At the height of Sanford shooting hysteria, NBC News played doctored audio from shooter George Zimmerman’s call to 911, in which Zimmerman was deliberately and misleadingly portrayed as a racist. The actual transcript of the call reads as follows:
ZIMMERMAN: This guy looks like he’s up to no good or he’s on drugs or something. It’s raining and he’s just walking around, looking about.
DISPATCHER: OK, and this guy — is he white, black, or Hispanic?
ZIMMERMAN: He looks black.
NBC clipped out the dispatcher’s question, to make it look as if Zimmerman was race-obsessed, and volunteered Trayvon Martin’s ethnicity instead of responding to a direct question from the dispatcher. Both the national network and local affiliates used the deceptive edit, and it found its way into a printed transcript on the MSNBC website. In fact, slightly different versions of the deceptive edit were used.
NBC’s behavior throughout the incident has been mysterious. After an initial, entirely confidential “internal investigation,” they claimed to have fired a “seasoned producer” they refused to identify, and claimed the edit was an “accident” – even though the same “accident” happened in slightly different forms, in several places within the NBC organization. The New York Times noted that the deceptive edits had to somehow bypass several layers of editorial control, including “a script editor, senior producer oversight, and in most cases legal and standards department reviews.”
Eventually a second head rolled, as reporter Jeff Burnside from WTVJ in Miami was dismissed. The mysterious unnamed producer was also supposedly based in Miami. And now a third Miami-based correspondent, Lilia Luciano, has been let go, according to TVNewser. She came to NBC News from the Spanish-language network Univision 18 months ago.
The really funny thing is that Luciano’s doctored audio is different than the one NBC fired Burnside, and presumably the unnamed producer, for using. And NBC spokesmen said Burnside’s edit was different than the one used by the national network!
The national NBC Today show used doctored Zimmerman audio on March 27. Burnside used his edited clip on March 19. But the report on Luciano’s firing says she used a different, and more extensively edited, clip “in a story for the Today show on March 20.” Her version pulled other audio from later in the 911 call into the fraudulent Zimmerman “money quote.” It went like this:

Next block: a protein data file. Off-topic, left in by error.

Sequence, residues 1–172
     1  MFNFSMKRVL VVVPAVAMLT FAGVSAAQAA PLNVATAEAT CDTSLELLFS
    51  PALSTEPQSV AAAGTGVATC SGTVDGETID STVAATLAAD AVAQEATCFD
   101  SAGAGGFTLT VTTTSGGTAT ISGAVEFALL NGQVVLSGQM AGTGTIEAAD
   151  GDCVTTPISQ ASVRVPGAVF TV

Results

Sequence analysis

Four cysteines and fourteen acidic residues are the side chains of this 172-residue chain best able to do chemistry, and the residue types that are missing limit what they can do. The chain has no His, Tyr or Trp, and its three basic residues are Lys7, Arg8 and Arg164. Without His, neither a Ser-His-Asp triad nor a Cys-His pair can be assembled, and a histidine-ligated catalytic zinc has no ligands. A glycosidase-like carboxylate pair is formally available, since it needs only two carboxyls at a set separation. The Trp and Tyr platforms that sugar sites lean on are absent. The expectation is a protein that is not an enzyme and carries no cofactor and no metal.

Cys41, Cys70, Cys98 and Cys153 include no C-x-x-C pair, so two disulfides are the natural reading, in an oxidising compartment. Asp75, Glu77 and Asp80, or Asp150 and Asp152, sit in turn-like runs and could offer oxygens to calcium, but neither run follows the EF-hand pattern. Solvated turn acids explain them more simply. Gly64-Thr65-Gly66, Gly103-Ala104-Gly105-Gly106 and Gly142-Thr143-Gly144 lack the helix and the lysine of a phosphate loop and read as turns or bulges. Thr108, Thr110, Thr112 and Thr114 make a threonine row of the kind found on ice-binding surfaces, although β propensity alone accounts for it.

ZIMMERMAN: This guy looks like he’s up to no good or on drugs or something. He’s got his hand in his waistband. And he’s a black male.
But the version employed by Burnside, which later caused an uproar after it received national attention, went like this:
ZIMMERMAN: This guy looks like he’s up to no good or he’s on drugs or something. He looks black.
Unless something has gone badly awry with the reporting on this scandal – and the TVNewser story about Luciano’s firing makes it fairly clear that their transcription is not mistaken, because they note “an entire phrase was taken from a later part of the conversation” – NBC has some serious explaining to do. How can they possibly have pretended these separate incidents were “accidents?” How could one producer, and two reporters, be entirely responsible for this? And how can NBC continue to justify keeping any part of its investigation under wraps?
Update: Brent Bozell of the Media Research Center says these quiet after-the-fact firings “vindicate the Media Research Center’s original point that NBC’s two-sentence (non)apology was an insult, and that this is a network out of control.”
Noting that NBC has yet to apologize for its deceptive edits on the air, Bozell demanded: “Own up to your dishonesty, NBC; tell your audience the truth for once and for all.”
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